Cigars: New Global Pricing

Many of you may wonder why all the retailers stocking Havana cigars have increased their prices so significantly in recent days, so here is an explanation.

Last week Habanos S.A. announced a new global pricing strategy for their portfolio of handmade cigars. These new prices have been implemented upon global markets with immediate effect.

There are certain premium brands and products that have increased significantly including:

• All Cohiba sizes

• All Trinidad sizes

Montecristo 1935 Series

Montecristo Edmundos

Romeo y Julieta Linea de Oro

Romeo y Julieta Churchills

Partagas Series D, E & P

In addition to the above, the cost prices for global brands have also increased. This adjustment to prices is intended to harmonise the recommended retail prices of certain premium lines and brands across all markets. The new prices also reflect increased costs of production and high inflation in Cuba.

Our retail price increase is lower than the price increase implemented by our suppliers.

As CigarJournal.com reported exclusively on April 29, 2022 here, Habanos S.A. adjusted the prices for Cohiba, Trinidad, Montecristo 1935 and Romeo y Julieta Línea de Oro to the Hong Kong price level for all markets worldwide. The new price structure is in effect since yesterday, May 2, 2022. Consumer prices for the above-mentioned cigars have to be adjusted to a range of +/- 10 to 20% of the consumer prices on the Hong Kong market. It is expected that Spain will be the first market to implement the new prices, either this week or next.

Habanos S.A.’s intention is to turn Cohiba into a super-luxury brand, available only to the most powerful pockets. The rumor has been confirmed and it will be a matter of days, maybe weeks, before the price hike will hit the consumers. For Cohiba cigars, prices will multiply between 2.5 and 3, for Trinidad prices will be multiplied between 3 and 4, prices for Montecristo 1935 and Romeo y Julieta Línea de Oro will increase in a similar proportion.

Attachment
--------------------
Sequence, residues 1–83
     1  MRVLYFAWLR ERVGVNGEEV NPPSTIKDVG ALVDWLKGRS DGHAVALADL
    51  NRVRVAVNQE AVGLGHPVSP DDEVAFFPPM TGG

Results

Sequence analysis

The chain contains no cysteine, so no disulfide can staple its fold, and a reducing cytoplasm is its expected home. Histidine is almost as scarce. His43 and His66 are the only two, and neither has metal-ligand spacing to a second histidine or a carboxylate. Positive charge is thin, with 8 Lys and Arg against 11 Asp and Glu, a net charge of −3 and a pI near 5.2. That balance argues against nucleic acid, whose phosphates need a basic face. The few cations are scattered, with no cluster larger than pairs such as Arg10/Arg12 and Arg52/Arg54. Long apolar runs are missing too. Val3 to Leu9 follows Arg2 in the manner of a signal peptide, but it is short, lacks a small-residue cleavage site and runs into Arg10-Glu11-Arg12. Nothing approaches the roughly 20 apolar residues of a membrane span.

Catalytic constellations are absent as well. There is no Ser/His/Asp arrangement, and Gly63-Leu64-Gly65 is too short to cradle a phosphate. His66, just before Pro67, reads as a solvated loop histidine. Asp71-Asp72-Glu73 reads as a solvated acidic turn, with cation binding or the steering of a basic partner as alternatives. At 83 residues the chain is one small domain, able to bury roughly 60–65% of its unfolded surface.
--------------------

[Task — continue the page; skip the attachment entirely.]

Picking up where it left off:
There will also be price increases for the rest of Cuban cigars but by percentages consistent with the hyperinflationary world economy. The brands Montecristo, Hoyo de Monterrey, Romeo y Julieta, H.Upmann and Partagás will cost about 15 to 20 percent more, the rest of the portfolio will increase between 5 and 10 percent.

The reasons for this new price policy respond to something that sensible reasoning can deduce. The new recommended minimum prices for Habanos take the Hong Kong market as a reference. The proximity of Hong Kong to China is the key. Hong Kong has become the final destination for many of the cigars that were sold in Europe in recent years. The decision has the logic of putting an end to a dynamic that vitiated the European Habanos markets. For years, free agents have made a great business buying Habanos in Europe at prices that later were multiplied by three in China. Cuba tries to halt this with a stroke of the pen.

The strategy has been discussed internally in the company for the last few months. The initial idea was to gradually raise prices over a period of two/three years, which, perhaps, would be more assimilable for the markets, but finally, after intense deliberations, it was decided that based on the market situation and the high tension of demand, it was more convenient to implement the measure in one go.

Habanos has long had agreements with its distributors that is directly related to the purchase value of previous years and that agreement will continue to be respected, Cigar Journal has learned. This, on the other hand, disproves something that many have been saying without any basis: that Habanos is selling cigars in large numbers directly to China.

According to this agreement, Spain will continue to be the market that will receive the highest percentage of Habanos, slightly more than 12% of all production; a very similar percentage will remain for the local Cuban market, focused on tourist sales; the rest of the large exclusive distributors, Phonecia, Pacific, 5th Avenue, Coprova, will maintain their percentage of around 10% of production. And the remaining 35% will be distributed among the thirty smaller exclusive distributors that operate throughout the world.

Written by JAVIER BLANCO URGOITI for The Cigar Journal.